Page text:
Ergo, not a single one of us registered a bit of surprise when a lizard walked into Grandma Camp last week! 

Meet Lizzy. She’s Channing’s pet shop purchased pint size leopard gecko. These little critters are friendly, curious, and love to explore. In addition, they enjoy posing for paintings and being studied for sketching. Experiment all you want with creative color combos and a palette of appealing patterns, they won’t mind one bit!….. 

So that’s exactly what we did!

Lizzy is a living, breathing canvas of artistic principles and elements of design. I guided my four-kid-cousin-crew to observe a strong light-dark contrast in repetitive spots of varying size. Lizzy’s flexible, tapering body shape is linear; grippy little toes offer more variety in size. 

Armed with those observations, we established her position on paper with a penciled swirl. That curved line will serve as an axis for her symmetrical body. Viewing from above, it was quick work to sketch head shape and limbs, maintaining balance as we drew. 

And now the fun part! 

Lizzy may, indeed, be cute as a button, but a colorful specimen she’s not. (Her modus operandi, I understand, is to peek from beneath an equally drab pile of sand and rocks, smirking in observation of your frantic search for her little ole camouflaged self!). Our artsy instincts can fix that, though, at least on paper! 

Lizzy says: “Here I am at home in my fancy aquarium. See me? Not even part of my pointy lil tail under that leaf? Ha! No ya don’t!”

Sketched patterns feature repetitive shapes that vary in size, complementing the areas they decorate.

Strongest color schemes are limited to just a few choices, both light and dark, warm and cool. Mix colors for variety and add black or white to introduce tints, tones, and shades.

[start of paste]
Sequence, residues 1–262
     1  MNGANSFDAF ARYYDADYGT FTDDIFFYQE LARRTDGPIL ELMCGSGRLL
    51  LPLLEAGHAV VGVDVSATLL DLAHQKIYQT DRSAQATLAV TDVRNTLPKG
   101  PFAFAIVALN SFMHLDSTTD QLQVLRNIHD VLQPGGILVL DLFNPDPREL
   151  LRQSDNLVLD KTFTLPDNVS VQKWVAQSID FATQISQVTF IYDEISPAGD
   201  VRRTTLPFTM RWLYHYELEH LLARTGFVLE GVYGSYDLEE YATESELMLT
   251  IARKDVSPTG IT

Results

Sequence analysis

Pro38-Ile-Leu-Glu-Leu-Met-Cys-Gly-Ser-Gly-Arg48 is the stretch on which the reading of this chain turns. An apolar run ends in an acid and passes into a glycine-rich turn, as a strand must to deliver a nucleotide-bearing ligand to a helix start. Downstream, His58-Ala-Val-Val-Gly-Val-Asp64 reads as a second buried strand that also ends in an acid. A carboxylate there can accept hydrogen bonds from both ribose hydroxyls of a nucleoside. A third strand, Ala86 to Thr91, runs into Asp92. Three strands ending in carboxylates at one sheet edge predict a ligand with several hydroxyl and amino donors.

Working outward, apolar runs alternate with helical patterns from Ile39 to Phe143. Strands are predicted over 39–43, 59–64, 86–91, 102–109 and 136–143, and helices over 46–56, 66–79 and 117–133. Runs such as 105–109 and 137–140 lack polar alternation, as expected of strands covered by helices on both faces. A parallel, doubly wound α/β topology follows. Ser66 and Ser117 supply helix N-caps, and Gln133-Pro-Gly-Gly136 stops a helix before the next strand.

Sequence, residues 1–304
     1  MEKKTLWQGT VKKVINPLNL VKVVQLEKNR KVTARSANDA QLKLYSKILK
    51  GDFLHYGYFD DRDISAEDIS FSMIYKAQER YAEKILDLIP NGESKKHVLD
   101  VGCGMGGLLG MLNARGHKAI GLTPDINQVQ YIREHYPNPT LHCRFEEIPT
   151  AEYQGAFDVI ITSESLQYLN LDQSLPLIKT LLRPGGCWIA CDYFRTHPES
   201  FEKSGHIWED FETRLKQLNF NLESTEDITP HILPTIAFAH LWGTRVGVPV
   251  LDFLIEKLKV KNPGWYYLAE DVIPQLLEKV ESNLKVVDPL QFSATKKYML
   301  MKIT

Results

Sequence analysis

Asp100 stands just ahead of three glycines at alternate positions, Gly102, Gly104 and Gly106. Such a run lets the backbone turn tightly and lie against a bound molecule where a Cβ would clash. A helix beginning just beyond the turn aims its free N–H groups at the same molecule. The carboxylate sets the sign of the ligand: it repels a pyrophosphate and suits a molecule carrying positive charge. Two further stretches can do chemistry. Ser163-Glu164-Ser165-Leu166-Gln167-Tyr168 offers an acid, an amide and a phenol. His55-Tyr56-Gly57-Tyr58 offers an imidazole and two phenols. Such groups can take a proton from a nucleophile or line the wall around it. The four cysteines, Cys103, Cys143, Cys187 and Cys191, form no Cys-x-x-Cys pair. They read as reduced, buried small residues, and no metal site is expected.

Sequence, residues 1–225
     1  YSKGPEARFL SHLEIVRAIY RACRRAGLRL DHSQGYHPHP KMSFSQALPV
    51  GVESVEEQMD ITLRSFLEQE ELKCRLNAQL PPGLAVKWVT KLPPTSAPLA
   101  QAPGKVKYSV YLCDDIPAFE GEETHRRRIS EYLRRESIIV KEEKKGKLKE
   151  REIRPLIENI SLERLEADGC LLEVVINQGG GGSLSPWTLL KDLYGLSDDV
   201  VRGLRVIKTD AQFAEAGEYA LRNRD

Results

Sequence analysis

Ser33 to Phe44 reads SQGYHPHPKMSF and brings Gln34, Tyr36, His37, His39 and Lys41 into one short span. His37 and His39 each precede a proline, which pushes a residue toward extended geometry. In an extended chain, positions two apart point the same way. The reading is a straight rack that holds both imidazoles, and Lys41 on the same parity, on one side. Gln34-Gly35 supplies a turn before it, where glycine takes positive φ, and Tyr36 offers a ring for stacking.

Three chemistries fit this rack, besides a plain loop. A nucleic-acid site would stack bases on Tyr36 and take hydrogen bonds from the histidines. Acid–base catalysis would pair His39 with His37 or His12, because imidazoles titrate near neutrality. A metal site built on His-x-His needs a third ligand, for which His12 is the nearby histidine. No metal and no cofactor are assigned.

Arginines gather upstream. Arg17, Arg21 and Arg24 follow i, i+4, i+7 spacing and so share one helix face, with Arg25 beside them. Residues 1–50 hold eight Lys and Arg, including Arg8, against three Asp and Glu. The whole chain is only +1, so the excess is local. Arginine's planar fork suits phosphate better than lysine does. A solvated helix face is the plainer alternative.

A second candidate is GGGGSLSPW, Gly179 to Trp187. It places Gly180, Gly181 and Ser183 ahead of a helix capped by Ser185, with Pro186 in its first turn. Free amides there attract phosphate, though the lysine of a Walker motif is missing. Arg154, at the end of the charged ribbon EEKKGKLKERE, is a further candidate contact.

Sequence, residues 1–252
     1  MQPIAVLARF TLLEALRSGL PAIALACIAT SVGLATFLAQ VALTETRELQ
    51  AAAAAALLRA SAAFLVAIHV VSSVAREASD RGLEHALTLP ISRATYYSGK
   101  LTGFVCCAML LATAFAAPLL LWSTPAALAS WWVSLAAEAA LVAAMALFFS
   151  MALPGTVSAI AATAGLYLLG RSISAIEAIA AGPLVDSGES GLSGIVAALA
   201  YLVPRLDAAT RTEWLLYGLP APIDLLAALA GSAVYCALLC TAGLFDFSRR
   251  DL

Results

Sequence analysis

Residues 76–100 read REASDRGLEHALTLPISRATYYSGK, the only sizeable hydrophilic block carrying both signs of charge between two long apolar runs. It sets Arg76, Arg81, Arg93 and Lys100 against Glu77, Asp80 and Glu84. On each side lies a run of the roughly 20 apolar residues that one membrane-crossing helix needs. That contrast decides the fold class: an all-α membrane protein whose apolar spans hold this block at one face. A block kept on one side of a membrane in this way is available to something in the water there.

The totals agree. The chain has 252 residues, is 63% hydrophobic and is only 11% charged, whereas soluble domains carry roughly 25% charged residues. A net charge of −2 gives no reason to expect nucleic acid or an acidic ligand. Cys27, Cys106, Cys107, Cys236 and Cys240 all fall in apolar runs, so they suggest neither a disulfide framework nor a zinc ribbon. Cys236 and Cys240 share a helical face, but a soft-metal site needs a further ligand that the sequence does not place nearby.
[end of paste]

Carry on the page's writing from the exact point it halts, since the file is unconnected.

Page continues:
Completed work of this quality demands decorative framing! A busy lizard asks for a simple geometric pattern, the opposite for a more languid design. 

So!….now you know what happens when “a lizard walks into Grandma Camp!” 

Insider grandma tip: 😉 Don’t skimp on quality of materials for kids, especially paint brushes. They will influence outcomes. Nobody’s inspired by a trail of shed hairs in every colorful stroke, or a blob of a brush when fine tuned detailing is desired. Teach your protégées to wash brushes carefully in cold water! Hot water softens glue and releases hair from the ferrule of even the most expensive brush.

Tuesday, June 7, 2022

Grandma’s Summer Culture Club

One Love is the original art work of Edie Pijpers. Used with permission. Prints available at

Put on your summer thinking capsgrandkiddoes

The arrival of summer break produces an initial burst of exuberant joy and relief. A week or so later, boredom’s creepy little head pokes itself into the crevices of carefree lives. Understandable. School kids are creatures of structure, tuned to the intake of new and exciting facts, ideas, and experiences. Clearly, there’s a mid-June, grandma-with-a-computer gap to be filled here!….